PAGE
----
Keith makes a good point in the post below: 24/7 Sobriety programs (twice-daily breath alcohol tests with swift and certain sanctions for drinking) are a proven technology for reducing drunk-driving recidivism (and other alcohol-related offending). We have no such evidence for rules forbidding alcohol sales to convicted drunk drivers required to use ignition interlocks.
But 24/7 is no panacea; a typical program only lasts 90 days, and there’s a limit to how long you can require someone to come in 14 times a week. (“SCRAM” bracelets, which provide continuous monitoring of alcohol in perspiration, are an alternative, but even they are too burdensome for widespread long-term use, except on people you’d really be willing to incarcerate otherwise.) And the resulting reductions in drunken mischief, while substantial, are far from complete or permanent. (Remarkably, the effects of 24/7 seem to outlast the monitoring itself.)
We still need policies that make it harder for people who commit crimes under the influence to get their hands on alcohol. The New Mexico program, aimed only at those with interlocks, is a sorry half-measure. What I’d like to see is a universal carding requirement regardless of age, with people convicted of alcohol-related crimes given driver’s licenses marked as not eligible to drink. Is having to show a driver’s license such an intolerable intrusion on liberty?
The saddest part of the New Mexico story is the well-intentioned but utterly wrong-headed opposition by Representative Maestas:
House Democratic Whip Antonio “Moe” Maestas of Albuquerque said the legislation attempts to outlaw alcoholism.
“The government cannot solve alcoholism through a deterrent or through the criminal justice system,” Maestas said. “The cops and judges, no matter how wise they are, cannot stop alcoholism. It’s going to take counselors and doctors and family members and communities.”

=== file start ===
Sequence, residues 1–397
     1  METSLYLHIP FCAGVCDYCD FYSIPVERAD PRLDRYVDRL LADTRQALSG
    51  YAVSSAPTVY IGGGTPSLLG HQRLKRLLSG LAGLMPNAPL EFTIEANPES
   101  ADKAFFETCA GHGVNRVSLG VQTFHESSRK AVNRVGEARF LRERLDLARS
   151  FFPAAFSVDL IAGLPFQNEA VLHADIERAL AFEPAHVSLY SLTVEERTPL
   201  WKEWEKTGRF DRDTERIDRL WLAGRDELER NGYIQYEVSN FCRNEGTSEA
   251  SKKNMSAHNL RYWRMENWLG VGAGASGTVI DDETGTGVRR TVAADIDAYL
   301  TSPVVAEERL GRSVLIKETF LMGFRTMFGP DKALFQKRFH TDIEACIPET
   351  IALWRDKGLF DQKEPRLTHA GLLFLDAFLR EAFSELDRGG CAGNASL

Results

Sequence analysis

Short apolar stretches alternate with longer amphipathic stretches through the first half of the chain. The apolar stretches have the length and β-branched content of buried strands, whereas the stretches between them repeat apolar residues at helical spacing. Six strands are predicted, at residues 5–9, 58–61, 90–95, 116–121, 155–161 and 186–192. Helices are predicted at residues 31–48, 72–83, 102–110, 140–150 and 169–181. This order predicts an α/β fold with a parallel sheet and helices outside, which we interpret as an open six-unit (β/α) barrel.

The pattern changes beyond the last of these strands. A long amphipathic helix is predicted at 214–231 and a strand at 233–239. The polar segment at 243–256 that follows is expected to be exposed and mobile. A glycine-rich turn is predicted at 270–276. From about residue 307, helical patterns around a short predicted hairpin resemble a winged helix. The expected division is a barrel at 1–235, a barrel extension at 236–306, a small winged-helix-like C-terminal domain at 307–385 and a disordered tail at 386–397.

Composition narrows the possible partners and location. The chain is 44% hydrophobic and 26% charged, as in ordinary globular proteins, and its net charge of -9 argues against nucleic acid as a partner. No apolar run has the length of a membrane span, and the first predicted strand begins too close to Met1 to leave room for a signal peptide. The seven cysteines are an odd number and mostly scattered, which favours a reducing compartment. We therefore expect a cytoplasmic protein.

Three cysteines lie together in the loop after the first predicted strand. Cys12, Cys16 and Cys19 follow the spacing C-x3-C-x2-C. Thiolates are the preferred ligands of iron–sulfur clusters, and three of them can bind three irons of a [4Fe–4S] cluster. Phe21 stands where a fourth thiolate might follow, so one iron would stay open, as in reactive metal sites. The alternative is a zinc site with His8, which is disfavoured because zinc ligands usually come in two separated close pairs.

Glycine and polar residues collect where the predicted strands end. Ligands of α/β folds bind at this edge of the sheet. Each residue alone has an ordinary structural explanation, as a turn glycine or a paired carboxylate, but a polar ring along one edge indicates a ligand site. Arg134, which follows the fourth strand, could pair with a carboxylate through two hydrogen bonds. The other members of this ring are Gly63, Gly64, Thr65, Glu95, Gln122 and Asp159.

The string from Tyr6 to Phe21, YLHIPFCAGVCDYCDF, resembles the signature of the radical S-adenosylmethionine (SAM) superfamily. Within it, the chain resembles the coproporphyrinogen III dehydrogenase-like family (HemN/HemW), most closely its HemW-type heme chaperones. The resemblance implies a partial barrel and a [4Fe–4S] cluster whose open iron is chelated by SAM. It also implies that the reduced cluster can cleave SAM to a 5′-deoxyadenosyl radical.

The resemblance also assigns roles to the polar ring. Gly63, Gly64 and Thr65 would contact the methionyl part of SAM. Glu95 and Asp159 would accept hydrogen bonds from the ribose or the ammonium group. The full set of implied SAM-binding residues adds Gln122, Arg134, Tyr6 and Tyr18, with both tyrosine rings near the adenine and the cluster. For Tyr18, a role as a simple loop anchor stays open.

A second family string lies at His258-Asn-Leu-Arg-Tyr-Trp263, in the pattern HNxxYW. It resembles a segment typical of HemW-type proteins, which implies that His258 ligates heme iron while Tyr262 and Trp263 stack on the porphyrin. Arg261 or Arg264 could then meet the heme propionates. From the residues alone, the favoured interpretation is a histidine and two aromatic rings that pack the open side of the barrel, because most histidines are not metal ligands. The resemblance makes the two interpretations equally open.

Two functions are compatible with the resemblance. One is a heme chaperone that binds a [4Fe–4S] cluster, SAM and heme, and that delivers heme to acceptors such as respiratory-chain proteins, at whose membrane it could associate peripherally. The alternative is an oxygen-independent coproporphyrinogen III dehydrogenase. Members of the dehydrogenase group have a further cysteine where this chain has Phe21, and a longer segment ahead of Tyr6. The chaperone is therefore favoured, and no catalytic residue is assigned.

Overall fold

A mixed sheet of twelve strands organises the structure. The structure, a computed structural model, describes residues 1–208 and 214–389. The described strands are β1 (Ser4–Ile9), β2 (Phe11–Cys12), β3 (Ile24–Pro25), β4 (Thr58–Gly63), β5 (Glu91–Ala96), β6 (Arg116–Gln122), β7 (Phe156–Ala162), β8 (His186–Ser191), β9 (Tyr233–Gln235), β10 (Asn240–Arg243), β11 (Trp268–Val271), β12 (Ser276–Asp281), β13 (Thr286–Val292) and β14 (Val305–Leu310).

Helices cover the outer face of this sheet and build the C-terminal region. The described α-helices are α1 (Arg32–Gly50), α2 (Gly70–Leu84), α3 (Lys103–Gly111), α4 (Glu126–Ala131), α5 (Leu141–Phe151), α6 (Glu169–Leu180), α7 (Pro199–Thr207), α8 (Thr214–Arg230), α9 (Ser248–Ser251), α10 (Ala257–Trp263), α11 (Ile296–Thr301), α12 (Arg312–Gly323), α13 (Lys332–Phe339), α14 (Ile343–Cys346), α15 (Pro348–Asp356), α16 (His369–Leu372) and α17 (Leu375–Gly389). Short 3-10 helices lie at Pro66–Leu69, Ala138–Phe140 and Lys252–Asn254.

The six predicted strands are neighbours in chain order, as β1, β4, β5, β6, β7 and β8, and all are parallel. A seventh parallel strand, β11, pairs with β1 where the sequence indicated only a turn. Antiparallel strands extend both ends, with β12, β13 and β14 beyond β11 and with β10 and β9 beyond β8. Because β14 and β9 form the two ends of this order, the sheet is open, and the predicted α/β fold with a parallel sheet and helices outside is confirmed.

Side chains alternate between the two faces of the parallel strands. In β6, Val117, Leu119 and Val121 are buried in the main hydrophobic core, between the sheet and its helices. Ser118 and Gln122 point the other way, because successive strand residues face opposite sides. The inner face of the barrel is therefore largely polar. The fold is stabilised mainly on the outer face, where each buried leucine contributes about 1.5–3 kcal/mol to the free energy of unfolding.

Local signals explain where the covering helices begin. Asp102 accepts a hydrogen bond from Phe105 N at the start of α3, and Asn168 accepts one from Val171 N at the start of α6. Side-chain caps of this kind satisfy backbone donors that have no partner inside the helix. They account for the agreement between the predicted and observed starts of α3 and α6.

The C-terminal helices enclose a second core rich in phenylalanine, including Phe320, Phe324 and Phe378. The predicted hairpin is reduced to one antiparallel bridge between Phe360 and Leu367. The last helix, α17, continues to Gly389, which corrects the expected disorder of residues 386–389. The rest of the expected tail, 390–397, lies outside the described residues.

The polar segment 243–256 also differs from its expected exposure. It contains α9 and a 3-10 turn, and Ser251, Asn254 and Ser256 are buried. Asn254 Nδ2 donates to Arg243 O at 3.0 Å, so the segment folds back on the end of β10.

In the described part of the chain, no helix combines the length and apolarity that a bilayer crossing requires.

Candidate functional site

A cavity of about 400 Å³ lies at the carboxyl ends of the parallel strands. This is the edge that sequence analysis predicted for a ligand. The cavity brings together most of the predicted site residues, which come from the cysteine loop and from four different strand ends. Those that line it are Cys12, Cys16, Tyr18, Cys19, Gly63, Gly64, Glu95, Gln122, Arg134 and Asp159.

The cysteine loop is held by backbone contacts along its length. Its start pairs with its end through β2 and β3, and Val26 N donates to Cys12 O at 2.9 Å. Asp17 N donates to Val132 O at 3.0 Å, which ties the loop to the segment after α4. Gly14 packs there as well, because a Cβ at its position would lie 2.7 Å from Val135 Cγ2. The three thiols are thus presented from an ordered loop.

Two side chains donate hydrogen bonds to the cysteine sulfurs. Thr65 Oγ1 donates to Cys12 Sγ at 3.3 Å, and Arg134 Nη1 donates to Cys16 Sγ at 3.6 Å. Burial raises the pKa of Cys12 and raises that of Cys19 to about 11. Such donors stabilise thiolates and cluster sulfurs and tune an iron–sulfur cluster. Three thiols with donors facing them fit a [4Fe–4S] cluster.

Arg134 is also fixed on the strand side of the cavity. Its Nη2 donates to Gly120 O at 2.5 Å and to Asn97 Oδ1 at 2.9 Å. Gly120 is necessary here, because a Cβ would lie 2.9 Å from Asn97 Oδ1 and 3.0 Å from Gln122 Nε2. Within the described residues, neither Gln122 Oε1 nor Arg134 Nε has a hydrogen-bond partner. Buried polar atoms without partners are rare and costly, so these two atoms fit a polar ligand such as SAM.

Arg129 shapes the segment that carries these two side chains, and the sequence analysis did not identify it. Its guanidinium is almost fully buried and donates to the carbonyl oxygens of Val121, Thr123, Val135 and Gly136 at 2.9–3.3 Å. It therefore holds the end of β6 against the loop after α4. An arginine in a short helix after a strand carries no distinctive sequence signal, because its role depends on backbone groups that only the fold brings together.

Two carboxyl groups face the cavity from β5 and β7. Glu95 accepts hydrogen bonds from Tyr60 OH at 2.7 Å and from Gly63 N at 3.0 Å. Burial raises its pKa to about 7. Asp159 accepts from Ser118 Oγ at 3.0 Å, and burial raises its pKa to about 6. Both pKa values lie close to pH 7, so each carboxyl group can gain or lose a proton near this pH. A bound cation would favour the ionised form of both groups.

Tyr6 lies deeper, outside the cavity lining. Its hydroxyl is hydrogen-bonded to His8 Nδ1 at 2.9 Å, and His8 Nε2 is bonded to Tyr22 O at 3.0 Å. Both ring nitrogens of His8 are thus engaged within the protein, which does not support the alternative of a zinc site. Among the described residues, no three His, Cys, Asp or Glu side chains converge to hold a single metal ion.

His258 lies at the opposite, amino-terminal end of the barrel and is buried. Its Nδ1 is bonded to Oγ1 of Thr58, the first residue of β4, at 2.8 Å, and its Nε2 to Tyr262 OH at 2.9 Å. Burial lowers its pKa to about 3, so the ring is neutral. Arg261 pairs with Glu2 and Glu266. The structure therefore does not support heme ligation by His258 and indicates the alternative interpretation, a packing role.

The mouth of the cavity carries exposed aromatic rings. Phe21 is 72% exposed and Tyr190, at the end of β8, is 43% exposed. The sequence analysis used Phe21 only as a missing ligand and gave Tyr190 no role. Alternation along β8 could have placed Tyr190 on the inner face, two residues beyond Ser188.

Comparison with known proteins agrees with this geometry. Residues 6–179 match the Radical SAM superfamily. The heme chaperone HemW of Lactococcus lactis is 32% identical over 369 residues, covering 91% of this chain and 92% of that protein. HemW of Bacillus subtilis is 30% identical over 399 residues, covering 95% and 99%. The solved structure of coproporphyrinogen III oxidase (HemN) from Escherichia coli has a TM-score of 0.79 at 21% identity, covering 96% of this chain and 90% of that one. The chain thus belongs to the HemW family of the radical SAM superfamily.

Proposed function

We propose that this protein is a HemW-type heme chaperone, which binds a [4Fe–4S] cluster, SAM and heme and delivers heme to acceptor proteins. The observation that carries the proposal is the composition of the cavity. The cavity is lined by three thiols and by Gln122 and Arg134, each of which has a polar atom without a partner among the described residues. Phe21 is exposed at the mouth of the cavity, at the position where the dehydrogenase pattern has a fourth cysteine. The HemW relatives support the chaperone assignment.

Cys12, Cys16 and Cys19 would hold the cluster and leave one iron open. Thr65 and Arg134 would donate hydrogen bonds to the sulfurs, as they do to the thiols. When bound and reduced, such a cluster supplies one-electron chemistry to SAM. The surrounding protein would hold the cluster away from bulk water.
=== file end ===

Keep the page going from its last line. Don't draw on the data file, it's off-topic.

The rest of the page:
It would be hard to squeeze more misunderstanding into fewer words.
(1) Threatening people with prison for continuing to drive drunk is a deterrent program. It works poorly, largely because one result of being drunk is reduced sensitivity to consequences. By contrast, making it harder for them to get drunk is something else. Does Rep. Maestas think that banning sales to minors is an attempt to “solve alcoholism through a deterrent”? And isn’t it clear that sales to this group of adults is much more dangerous than sale to the average minor?
(2) The goal is not to “solve alcoholism.” It’s to prevent specific individuals, already convicted of endangering the lives of others while under the influence, from continuing to do so. Many, but not all, of them are alcohol-dependent.
(3) Nothing in the bill will prevent “counselors and doctors and family members and communities” from helping and pressuring problem drinkers to cut back or quit. Indeed, making it harder for them to keep drinking ought to assist that process.
People with alcohol abuse disorders who drive drunk or engage in drunken violence deserve compassion for their disorder. But they, and the rest of us, can benefit if some of that compassion takes the form of an effective nudge. Presumably Rep. Maestas wouldn’t himself offer an alcoholic friend a drink. Why should the liquor industry be allowed to do so, for money?